1. Change comes from letting people know about accessibility issues
A key theme running through talks on web accessibility, disability-related employment initiatives, education services and social media resources is that an organisation that has technology-related accessibility issues is likely to try and address them if enough people let them know there’s a problem. Many of the talks focused on providing information on how to raise accessibility issues with organisations, and in turn get accessibility issues addressed.
2. Web accessibility information enters mainstream ICT
While disability-specific events are important, it was widely discussed that accessibility presentations, seminars and workshops should be hosted at mainstream developer events. Many examples were provided where simply getting a 10-minute accessibility spot in a mainstream ICT conference has led to increased awareness and a rapid growth in accessibility discussions at the same conference in following years.
3. Android accessibility: it’s evolving and it’s cheaper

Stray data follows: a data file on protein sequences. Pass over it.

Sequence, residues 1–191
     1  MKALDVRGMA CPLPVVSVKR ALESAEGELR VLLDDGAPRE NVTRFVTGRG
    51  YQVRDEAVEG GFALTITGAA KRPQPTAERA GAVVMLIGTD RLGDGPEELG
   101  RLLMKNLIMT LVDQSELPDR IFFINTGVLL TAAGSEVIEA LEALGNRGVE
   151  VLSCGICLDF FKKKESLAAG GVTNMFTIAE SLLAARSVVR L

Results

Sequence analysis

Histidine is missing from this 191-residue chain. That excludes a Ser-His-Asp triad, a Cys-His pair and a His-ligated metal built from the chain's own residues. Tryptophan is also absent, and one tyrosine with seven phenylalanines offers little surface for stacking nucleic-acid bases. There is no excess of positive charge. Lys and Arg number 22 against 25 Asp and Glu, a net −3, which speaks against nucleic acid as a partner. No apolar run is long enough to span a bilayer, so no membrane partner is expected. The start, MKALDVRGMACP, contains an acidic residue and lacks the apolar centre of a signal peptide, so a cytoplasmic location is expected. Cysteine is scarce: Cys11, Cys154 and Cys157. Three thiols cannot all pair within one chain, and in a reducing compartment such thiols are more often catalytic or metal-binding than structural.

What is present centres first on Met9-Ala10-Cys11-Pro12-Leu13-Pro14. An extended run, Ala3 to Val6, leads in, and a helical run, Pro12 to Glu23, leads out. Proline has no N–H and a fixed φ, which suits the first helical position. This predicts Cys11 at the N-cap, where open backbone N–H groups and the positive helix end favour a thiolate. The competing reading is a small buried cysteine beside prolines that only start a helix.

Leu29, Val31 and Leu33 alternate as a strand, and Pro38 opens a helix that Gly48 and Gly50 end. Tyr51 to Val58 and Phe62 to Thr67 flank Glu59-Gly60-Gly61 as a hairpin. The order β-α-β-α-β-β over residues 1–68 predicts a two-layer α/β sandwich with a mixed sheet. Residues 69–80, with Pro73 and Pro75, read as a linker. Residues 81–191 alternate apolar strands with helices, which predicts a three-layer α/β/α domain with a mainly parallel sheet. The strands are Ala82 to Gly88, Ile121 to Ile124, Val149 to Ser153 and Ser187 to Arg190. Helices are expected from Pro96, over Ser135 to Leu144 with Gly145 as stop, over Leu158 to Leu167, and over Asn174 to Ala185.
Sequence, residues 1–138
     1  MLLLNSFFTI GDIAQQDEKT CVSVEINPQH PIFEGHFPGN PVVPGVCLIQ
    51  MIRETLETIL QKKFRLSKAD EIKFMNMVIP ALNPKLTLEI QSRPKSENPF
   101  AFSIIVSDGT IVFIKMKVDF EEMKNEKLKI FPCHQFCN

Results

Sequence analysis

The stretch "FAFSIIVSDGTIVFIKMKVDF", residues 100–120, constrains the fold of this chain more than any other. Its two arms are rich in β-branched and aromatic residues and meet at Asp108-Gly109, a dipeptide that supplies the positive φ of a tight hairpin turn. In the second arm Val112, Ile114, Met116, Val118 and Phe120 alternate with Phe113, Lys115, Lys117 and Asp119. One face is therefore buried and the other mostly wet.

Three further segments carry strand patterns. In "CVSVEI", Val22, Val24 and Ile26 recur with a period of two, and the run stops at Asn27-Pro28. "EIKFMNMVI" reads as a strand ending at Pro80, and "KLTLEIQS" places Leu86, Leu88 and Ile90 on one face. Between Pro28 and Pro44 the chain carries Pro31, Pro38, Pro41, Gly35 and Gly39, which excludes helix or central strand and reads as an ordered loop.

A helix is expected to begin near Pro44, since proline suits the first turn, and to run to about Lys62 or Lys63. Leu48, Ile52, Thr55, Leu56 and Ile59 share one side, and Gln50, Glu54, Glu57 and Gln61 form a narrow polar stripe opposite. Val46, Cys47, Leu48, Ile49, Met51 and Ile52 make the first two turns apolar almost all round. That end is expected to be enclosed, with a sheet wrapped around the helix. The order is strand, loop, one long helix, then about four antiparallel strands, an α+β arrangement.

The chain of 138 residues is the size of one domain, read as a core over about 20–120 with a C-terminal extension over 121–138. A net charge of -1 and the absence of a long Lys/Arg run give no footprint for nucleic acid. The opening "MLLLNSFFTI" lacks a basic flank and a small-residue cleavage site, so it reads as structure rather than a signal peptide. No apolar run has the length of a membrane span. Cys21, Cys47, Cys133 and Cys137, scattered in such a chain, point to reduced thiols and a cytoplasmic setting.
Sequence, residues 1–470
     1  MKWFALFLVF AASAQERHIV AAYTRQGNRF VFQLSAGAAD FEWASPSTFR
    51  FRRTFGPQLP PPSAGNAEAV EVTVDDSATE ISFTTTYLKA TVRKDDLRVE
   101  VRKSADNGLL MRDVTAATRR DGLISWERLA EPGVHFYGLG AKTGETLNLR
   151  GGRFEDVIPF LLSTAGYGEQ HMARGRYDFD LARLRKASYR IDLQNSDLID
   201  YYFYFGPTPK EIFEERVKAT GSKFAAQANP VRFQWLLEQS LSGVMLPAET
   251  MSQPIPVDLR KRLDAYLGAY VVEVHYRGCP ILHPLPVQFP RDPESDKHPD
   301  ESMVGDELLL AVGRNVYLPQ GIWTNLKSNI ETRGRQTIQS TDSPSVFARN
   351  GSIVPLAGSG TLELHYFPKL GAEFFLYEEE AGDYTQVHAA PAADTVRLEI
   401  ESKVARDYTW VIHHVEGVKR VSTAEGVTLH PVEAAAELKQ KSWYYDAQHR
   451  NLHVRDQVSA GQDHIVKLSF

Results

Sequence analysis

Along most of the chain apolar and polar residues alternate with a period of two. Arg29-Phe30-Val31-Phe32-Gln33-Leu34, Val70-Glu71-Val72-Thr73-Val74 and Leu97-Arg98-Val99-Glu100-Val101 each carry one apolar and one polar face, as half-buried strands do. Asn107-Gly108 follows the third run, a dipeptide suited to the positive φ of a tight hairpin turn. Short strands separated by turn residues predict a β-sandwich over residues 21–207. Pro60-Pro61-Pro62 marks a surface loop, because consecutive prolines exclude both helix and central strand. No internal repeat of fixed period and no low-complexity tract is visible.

Sessions that talked about Android accessibility were almost standing room only as people look for cheaper, accessible alternatives to the iPhone. The significant accessibility improvements to Android 4.0 Ice Cream Sandwich (ICS) over earlier versions was a hot topic at the conference. As an Android phone can be up to six times cheaper than an iPhone, the affordability of an accessible smartphone becomes very exciting.
4. There’s a lot more going on in disability and technology than many people think
One of the revelations at CSUN was the discovery that there are a lot of people and organisations doing a lot of important things in this area. From large companies like Google and Microsoft in their operating system releases, through to not-for-profits and tertiary institutions, there is a massive amount of work going on. Most importantly, a lot of it is being done in collaborative partnerships, and events like CSUN do a good job of bringing people and organisations together.
5. The future is looking bright
Announcements relating to new voice support for web browsers, clever real-time captioning software and future web technologies are just a small sample of the things on the way which will help support the needs of people with disabilities.
Additional information on all the CSUN 2012 events and presentations can be found on the CSUN conference website.
Dr Scott Hollier presented at CSUN on our Social media for people with a disability project.
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